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VDA. DE UY KIM, plaintiffs-appellants, vs. CONRADO S. DAVID and MARCOS MANGUBAT, defendants-appellees. Santiago F. Alidio for plaintiffs-appellants. Marcos Mangubat in his own behalf and for co-defendant-appellee Conrado S. David. CONCEPCION, J.: This is an appeal from an order of the Court of First Instance of Manila in Civil Case No. 47664 thereof. The pertinent facts are set forth in said order from which we quote: It appears from the complaint that on December 11, 1948, defendant herein Conrado S. David received a loan of P3,000 with interest at 12% per annum from Claudia B. Vda. de Uy Kim, one of the plaintiffs, and to secure the payment of the same, Conrado S. David executed a chattel mortgage on a house situated at 1259 Sande Street, Tondo, Manila; that the chattel mortgage was registered with the Register of Deeds of Manila on December 19, 1948; that on February 10, 1953, the mortgaged house was sold at public auction to satisfy the indebtedness to Claudia B. Vda. de Uy Kim, and the house was sold to Claudia B. Vda. de Uy Kim in the said foreclosure proceedings; that on March 22, 1954, Claudia B. Vda. de Uy Kim sold the said house to Marcos Mangubat, and on March 1, 1956. Marcos Mangubat filed a complaint against Conrado S. David, Civil Case No. 29078, in the Court of First Instance of Manila, for the collection of the loan of P2,000; that on March 24, 1956, the complaint was amended to include the plaintiffs herein Salvador Piansay and Claudia B. Vda. de Uy Kim as party defendants and praying that auction sale executed by the Sheriff on February 10, 1953, and the deed of absolute sale executed by Claudia B. Vda. de Uy Kim in favor of Salvador Piansay be annulled; that decision was rendered in Civil Case No. 29078 ordering Conrado S. David to pay the plaintiff the sum of P2,000, damages and attorney's fees, and dismissing the complaint with respect to Claudia B. Vda. de Uy Kim, Leonardo Uy Kim and Salvador Piansay; that upon appeal, the Court of Appeals affirmed the decision but setting aside the award of damages in favor of Claudia B. Vda. de Uy Kim; that in the execution of Civil Case No. 29078, which was affirmed by the Court of Appeals in CA-G.R. No. 21797-R, the house, which had been bought by Uy Kim at the foreclosure proceedings and sold by her to Salvador Piansay, was levied upon at the instance of the defendant Marcos Mangubat; that to prevent the sale at public auction of the house here in question, the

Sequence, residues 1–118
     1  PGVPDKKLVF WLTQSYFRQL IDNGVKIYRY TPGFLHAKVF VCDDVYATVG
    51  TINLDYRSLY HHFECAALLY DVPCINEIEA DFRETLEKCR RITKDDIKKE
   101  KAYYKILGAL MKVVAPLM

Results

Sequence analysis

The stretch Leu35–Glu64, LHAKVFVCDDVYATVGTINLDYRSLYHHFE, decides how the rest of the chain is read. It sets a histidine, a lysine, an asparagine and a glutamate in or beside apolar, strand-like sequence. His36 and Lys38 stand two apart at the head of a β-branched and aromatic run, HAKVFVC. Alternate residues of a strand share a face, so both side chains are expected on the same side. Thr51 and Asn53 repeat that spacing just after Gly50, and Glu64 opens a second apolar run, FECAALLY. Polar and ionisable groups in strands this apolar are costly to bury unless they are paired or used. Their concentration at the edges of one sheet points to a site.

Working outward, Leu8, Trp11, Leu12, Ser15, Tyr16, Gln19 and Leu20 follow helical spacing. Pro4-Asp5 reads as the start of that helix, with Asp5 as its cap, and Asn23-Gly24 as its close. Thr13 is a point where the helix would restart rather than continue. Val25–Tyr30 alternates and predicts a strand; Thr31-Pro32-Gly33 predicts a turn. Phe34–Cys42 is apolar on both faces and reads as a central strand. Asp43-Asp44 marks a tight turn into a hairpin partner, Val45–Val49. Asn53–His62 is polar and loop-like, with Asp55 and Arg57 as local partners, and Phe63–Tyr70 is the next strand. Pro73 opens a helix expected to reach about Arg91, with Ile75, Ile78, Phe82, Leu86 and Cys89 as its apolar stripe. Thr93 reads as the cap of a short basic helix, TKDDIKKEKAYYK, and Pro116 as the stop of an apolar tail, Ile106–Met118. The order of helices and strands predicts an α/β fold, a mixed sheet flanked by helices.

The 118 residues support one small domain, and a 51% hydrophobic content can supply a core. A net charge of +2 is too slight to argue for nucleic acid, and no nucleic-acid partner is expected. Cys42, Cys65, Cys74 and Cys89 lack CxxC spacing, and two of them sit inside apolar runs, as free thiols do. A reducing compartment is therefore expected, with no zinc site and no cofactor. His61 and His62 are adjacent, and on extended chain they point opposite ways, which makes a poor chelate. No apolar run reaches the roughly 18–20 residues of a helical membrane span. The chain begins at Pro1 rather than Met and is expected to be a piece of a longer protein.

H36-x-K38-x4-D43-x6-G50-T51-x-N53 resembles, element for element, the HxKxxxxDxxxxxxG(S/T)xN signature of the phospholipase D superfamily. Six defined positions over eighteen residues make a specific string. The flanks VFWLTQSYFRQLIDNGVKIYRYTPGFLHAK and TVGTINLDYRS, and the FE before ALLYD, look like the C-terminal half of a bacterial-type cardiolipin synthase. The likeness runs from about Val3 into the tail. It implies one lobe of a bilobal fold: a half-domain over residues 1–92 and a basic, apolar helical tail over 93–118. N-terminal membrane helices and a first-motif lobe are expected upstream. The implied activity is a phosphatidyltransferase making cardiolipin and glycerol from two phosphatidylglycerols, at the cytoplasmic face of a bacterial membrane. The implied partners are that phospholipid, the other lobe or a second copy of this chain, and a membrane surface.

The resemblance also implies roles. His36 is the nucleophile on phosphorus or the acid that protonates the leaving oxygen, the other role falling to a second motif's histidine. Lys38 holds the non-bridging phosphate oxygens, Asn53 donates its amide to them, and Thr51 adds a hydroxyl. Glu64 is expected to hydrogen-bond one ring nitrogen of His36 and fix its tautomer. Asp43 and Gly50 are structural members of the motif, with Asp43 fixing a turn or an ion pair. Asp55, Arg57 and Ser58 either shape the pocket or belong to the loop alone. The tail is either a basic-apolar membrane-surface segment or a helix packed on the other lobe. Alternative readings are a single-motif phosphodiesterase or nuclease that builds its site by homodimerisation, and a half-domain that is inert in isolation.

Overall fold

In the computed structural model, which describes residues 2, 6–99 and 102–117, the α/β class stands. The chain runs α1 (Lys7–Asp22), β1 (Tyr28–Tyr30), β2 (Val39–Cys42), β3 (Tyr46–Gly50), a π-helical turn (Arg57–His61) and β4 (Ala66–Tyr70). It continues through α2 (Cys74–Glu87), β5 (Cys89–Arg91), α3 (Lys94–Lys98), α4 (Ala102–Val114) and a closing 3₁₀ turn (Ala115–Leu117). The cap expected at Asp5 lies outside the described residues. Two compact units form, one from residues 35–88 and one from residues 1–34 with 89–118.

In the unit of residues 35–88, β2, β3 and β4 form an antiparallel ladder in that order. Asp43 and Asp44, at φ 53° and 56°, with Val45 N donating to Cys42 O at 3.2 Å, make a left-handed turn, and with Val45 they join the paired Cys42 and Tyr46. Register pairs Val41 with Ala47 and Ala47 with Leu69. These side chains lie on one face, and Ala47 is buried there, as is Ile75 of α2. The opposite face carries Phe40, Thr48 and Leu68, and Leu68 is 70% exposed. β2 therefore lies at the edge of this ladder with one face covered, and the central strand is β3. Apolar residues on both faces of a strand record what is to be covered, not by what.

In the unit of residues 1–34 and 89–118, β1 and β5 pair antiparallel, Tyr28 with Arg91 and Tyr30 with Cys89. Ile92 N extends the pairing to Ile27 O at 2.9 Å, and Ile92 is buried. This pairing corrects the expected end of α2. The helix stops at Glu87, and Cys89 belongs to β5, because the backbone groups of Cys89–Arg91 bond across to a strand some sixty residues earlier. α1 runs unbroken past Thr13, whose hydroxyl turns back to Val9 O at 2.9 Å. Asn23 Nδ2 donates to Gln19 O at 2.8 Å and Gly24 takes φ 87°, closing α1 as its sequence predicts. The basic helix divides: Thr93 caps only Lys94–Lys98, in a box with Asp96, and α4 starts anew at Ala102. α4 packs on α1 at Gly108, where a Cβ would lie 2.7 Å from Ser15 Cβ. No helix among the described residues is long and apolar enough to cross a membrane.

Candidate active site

plaintiffs herein filed a petition for certiorari and mandamus with preliminary injunction in the Court of Appeals, CA-G.R. No. 28974-R, entitled Claudia B. Vda. de Uy Kim and Salvador Piansay versus Hon. Judge Jesus Y. Perez, et al.; that acting upon the said petition, the Court of Appeals in its order of April 28, 1961, denied the petition to lift or discharge the writ of execution. Thereupon, or on July 31, 1961, Piansay and Mrs. Uy Kim, hereinafter referred to as the plaintiffs, instituted the present action which was docketed as Civil Case No. 47664 of the Court of First Instance of Manila, against David and Mangubat, hereinafter referred to as the defendants. In their complaint, plaintiffs, after averring the foregoing facts, allege that, in the proceedings for the execution of the decision in Civil Case No. 29078. David demanded from Piansay the payment of rentals for the use and occupation of the house aforementioned, which, Piansay claims, is his property, and that the defendants are threatening to cause said house to be levied upon and sold at public auction in violation of the alleged rights of the plaintiffs. Accordingly plaintiffs prayed that a writ of preliminary injunction to restrain said levy and sale at public auction be issued and that, after appropriate proceedings, judgment be rendered declaring that Piansay is the true and lawful owner of said house sentencing the defendants to pay damages and making the preliminary injunction permanent. Mangubat moved to dismiss said complaint, upon the theory that the same is barred by the principle of res adjudicata and that plaintiffs have no personality to bring this action or to question the levy upon the house in question, because they have no interest therein. After due hearing the lower court issued the order appealed from, granting said motion and dismissing the complaint, with costs against the plaintiffs. A reconsideration of said order having been denied, plaintiffs interposed the present appeal directly to this Court only questions of law being raised in the appeal, namely: (1) applicability of the principle of res adjudicata; and (2) validity of the chattel mortgage constituted in favor of Mrs. Uy Kim. With reference to the first question, it should be noted that in case CA-G.R. No. 21797-R, the Court of Appeals affirmed the decision in Case No. 29078 of the Court of First Instance of Manila stating: In the case of Ladera, et al., vs. Hodges, et al. (CA-G.R. No. 8027-R, promulgated Sept. 23, 1952) this Court, thru Justice J. B. L. Reyes, said, among others: Since it is a rule in our law that buildings and constructions are regarded as mere accesories to the land (following the Roman maxim omne quod solo inaedificatur solo credit) it is logical that said accessories should partaked of